How CIOs Can Lead the Customer Experience Transition

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Look outThe recent research by the Economist Intelligence Unit begs the question of which C-level executive is best to lead customer experience (CX) initiatives, and how confusion reigns when there are multiple owners or those who claim the role.  There is a parallel question here to the CIO and our role within the enterprise: who is best to lead organisations on their inevitable migration to the cloud?

CMOs and CIOs both have two audiences

Just like marketing has a dual purpose in serving the needs of two customers – the sales organisation and the company’s prospects/customers – the CIO also has a dual purpose. Ensuring the right technologies are in place to meet the needs of the organisation, and also to satisfy the CX needs of customers, both today and tomorrow.

As such, and with those CX needs in mind, CIOs need to have platforms that allow customers to engage across all channels of communication. That omnichannel platform includes voice, web, text, chat, email, and whatever else lies on the horizon.

Addressing the needs of both today and tomorrow represents a significant challenge for enterprises with legacy platforms and systems. Today represents older infrastructure and tomorrow represents the cloud. And, it’s difficult for many companies to either make change happen, or transition from older technology environments to the cloud.  This is true within the contact centre as well as in other industries, such as large CRM/ERP companies like Oracle or platform providers like Microsoft.  These firms are struggling in their transitioning from legacy on-premises solutions or shrink-wrapped software, to cloud-based services. But the cloud is where the puck is already moving to, and what customers both want and expect.

The challenge is the opportunity

Herein lies the challenge: how can CIOs effectively lead the transition into the cloud and support their dual customers of internal users and end user customers? This challenge becomes a great CIO opportunity with two alternative paths:

  1. Play it safe. Take it slow. Try implementing a cloud application or two in the background. See how it goes.
  2. Be bold! Embrace something significantly large in scope – move a mission critical application or solution into the cloud. This could be getting your organisation out of the data centre business and outsourcing the data centre needs to an appropriately competent and redundant data centre provider, OR taking an existing contact centre platform and moving the entire service into the cloud.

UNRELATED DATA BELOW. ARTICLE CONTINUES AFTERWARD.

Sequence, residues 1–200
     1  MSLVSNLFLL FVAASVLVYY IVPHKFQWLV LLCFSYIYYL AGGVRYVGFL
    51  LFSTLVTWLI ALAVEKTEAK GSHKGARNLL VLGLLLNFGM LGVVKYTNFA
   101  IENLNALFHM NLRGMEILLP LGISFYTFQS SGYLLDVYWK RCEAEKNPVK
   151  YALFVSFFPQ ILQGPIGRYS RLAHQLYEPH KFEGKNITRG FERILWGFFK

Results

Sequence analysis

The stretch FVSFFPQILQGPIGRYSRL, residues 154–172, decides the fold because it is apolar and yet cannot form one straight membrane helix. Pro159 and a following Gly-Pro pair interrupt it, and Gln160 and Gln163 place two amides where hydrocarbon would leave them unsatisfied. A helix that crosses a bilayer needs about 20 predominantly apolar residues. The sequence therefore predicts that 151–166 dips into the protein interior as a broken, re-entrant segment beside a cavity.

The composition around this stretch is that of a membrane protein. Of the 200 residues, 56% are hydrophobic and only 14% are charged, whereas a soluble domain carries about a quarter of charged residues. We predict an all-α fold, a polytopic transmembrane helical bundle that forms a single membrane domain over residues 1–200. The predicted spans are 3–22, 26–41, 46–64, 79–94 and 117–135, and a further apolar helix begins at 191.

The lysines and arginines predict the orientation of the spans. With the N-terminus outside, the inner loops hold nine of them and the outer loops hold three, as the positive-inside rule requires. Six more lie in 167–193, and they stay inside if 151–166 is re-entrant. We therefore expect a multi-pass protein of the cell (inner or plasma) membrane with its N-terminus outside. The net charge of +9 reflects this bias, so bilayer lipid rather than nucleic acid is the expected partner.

Why is option two better? Is it really bold or risky? Not today. In fact, cloud-based contact centre providers like Genesys are both proven and have evolved to fully satisfy earlier concerns raised in the marketplace. No longer do customers need to be concerned with cloud-based contact centre providers’ ability to ensure scalability, reliability, security, robust feature sets, or most importantly, a rapid ROI.

By taking a leap rather than a baby step, CIOs show (and prove) cloud migration on a large scale. They help lead the entire company out of yesterday’s legacy technology and outdated mindset into a bright future with the latest cloud services to solve the needs of their dual audiences today and into many more tomorrows. This leads to better technology for the organisation, and a better omnichannel environment with more engagement options for customers. That’s a 2X CX win.

You can learn more about the roles of C-Suite in deployed customer experiences in our global research with the Economist Research Unit, The Value of Experience: How the C-suite Values Customer Experience in the Digital Age.

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About Jeff Haslem

Jeff Haslem is the Chief Information Officer at Genesys. He is responsible for the company’s financial, CRM, HR and business intelligence systems. He leads a global team dedicated to ensuring that the company’s transformation and aggressive goals are supported by the right information technology and security. Prior to joining Genesys in 2012, Jeff served as Senior Vice President and Chief Information Officer at Rovi Corporation. In this role, Jeff was responsible for the vision, strategy, governance, business alignment and operations for Rovi’s worldwide IT Services and Facilities. While at Rovi, Jeff oversaw the seamless integration of 10 acquisitions, and led an internal IT business partner team of 170. Jeff has also held leadership roles at Openwave, Broadvision. and Oracle. Jeff holds an MBA degree from the University of Maryland and a bachelor’s degree from Purdue University.